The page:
How fast time flies. It’s now August 2008. Seems to me that August 2007 was only one week ago.
Last year in August 2007 I went to do Umrah (small pilgrimage) in Makkah, Saudi Arabia, with my dear mother. That was my second Umrah trip after the first one in April 2005. I first step foot on the holy land in Feb-Apr 2000 when I did the Haj (big pilgrimage) with my wife.
For the 2007 Umrah, I brought along with me my Lowrance iFinder H2Oc GPS receiver so that I could mark interesting waypoints and tracks during the eleven-day trip.
I did not expect it nor did I plan for it, but on each sector of the Boeing 747 flights, I was assigned a window seat. This enabled me to hang my GPS receiver on the aircraft’s passenger window, and let it plot the aircraft’s flight throughout the journey.
This is the mapping GPS receiver.
In this image the current position is graphically indicated in the display, against a built-in world map. This is one of the page views that the GPS can display.
For the journey, I set the map orientation as “top shows map north”.
The advantage of this orientation as a passenger was that I could picture the actual progress of the flight.
When I took this picture, the flight had just left Oman’s airpace and had entered Saudi Arabia’s.
This is another page view of the GPS display.
Here numerical details of the position were displayed:
Latitude – the North-South position on the globe.
Longitude – the East-West position.
Speed – how fast the vehicle that the GPS is in, is moving. I set the unit in km per hour. The aircrart was cruising at nearly 1,000 km per hour !
Track – the direction that the vehicle is moving to. In degree.
Altitude – how high above sea level the GPS is at. The aircraft was nearly 12 km up in the air !
Here are some of my trip’s GPS tracks overlaid on Google Earth maps.
On the outgoing journey from Kuala Lumpur’s KLIA to Jeddah, we flew over the Straits of Malacca into the Bay of Bengal, across India into the Arabian Sea, across Oman south of Muscat before entering into Saudi Arabia.
On the return journey from Jeddah to KLIA, the flight made a short transit stop in Madinah, before crossing the Arabian Peninsula into Arabian Sea, then flying over south of India, across Sri Lanka and Indonesia’s Sumatera.
Here on the second image can be seen more details of the outgoing and return journey over the Arabian Peninsula. Interestingly, the flight tracks crossed each other nearly in the middle of the Saudi Arabian deserts.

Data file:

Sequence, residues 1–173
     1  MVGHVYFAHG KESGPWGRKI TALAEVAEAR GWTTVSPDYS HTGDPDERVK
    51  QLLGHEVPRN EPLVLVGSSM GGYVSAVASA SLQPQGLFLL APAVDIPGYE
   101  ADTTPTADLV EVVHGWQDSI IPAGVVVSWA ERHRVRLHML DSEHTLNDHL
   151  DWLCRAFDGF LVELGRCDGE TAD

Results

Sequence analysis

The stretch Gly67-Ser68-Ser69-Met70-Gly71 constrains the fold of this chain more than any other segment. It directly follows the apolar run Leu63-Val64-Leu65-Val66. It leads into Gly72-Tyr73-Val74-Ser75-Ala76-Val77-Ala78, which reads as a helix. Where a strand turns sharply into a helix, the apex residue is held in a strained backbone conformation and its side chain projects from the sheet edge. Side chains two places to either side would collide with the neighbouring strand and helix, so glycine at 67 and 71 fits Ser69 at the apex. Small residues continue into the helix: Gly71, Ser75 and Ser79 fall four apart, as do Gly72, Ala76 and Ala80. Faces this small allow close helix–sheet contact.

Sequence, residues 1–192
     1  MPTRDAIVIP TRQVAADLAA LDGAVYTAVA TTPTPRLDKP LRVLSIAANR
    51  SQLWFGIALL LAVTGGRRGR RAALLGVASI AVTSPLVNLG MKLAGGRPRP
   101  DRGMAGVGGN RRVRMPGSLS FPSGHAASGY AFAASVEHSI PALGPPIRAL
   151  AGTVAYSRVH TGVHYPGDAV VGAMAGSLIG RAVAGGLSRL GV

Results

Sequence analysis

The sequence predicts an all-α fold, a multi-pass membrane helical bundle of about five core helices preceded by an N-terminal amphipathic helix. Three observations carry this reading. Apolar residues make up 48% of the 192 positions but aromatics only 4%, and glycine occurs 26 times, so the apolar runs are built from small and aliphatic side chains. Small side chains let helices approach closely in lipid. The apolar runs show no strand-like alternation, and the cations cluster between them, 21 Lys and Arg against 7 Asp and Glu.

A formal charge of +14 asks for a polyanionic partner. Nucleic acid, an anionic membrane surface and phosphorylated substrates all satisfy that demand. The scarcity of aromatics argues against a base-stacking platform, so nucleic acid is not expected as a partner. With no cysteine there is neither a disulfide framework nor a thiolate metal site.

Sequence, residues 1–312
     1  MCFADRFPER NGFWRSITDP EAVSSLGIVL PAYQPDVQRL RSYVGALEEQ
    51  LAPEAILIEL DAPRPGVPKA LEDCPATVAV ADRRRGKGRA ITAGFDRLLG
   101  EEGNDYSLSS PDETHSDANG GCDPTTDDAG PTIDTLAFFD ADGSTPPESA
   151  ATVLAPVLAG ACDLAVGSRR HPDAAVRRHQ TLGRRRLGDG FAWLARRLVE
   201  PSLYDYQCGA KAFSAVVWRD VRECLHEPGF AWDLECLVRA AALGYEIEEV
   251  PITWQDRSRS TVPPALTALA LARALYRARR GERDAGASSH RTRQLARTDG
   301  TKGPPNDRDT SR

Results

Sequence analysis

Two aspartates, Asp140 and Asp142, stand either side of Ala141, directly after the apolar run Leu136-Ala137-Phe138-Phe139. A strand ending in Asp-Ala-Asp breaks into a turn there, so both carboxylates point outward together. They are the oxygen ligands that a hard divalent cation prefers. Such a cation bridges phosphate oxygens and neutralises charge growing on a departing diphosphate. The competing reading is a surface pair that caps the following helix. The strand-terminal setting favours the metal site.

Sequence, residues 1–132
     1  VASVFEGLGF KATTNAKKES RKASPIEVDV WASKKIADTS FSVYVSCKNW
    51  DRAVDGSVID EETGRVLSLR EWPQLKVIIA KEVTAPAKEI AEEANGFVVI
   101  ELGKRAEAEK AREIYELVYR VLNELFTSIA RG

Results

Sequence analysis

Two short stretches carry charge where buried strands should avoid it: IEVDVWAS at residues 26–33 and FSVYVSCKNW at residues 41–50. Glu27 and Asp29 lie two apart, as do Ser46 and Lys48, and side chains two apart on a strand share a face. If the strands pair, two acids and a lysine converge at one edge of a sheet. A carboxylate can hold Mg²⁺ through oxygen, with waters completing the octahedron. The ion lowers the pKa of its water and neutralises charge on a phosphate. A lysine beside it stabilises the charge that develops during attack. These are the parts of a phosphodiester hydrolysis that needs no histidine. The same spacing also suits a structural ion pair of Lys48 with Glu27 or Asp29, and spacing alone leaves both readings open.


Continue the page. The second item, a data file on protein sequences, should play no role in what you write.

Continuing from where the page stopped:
After landing and dispensing with the usual airport formalities in Jeddah, we were taken to Madinah on a chartered bus. After two days in Madinah, we were taken to Makkah on another chartered bus.
Apart from doing umrah and solat (prayer) in Makkah’s Masjidil Haram, Islamic world’s holiest place, we were also taken on a rarely allowed trip to Taif, the city which Prophet Muhammad S.A.W. (peace be upon him) went to do dakwah but was turned down and stoned by its people, until blood flowed down his ankles.
But he persevered and declined angel Jibrail’s offer to uproot and turn Taif’s hills on top of the city’s residents. Instead he told Jibrail that even though the city’s residents refused to listen to his dakwah, he hoped that their offspring would accept Islam and would proclaim the religion of truth.
By the grace of Allah, the city was saved from destruction. And true enough, several years later after the Hijrah, the city’s residents embraced Islam. In the above image we can see the relative locations of Taif, Makkah, Jeddah and Madinah.
On the above image we can also see the place called Qarnul Manazil, which is one of the “miqat”, boundaries of the holy land, where Muslims intending to perform Haj or Umrah are required to don the “ihram”, which for men are two pieces of cloth with no closed sews, and make the “niat” .
At Qarnul Manazil mosque I came across many vehicles at the parking lot. One especially caught my attention, because from a distance it looked like a two-tone SUV.
Upon closer view I realised that the lighter tone on the Ford Excursion was actually desert dust, which had covered and stuck to half of the front of the vehicle.
From the registration number, the SUV apparently had crossed the desert all the way from Kuwait, about 1,500 km away…
Racetrack above the Straits of Malacca
There must have been heavy airport traffic at KLIA when the aircraft was approaching the Malaysia Peninsula, because about 67 km North-West of the airport, the aircraft did a racetrack holding pattern in the Straits of Malacca off Pulau Ketam, Klang. From the GPS track I measured the loop as 28km by 17 km.
The aircraft then got out of the loop and took a 059 degree bearing to north-west of Meru before making a turn to approach KLIA on 145 degree bearing to runway 14R of the premier Malaysian airport.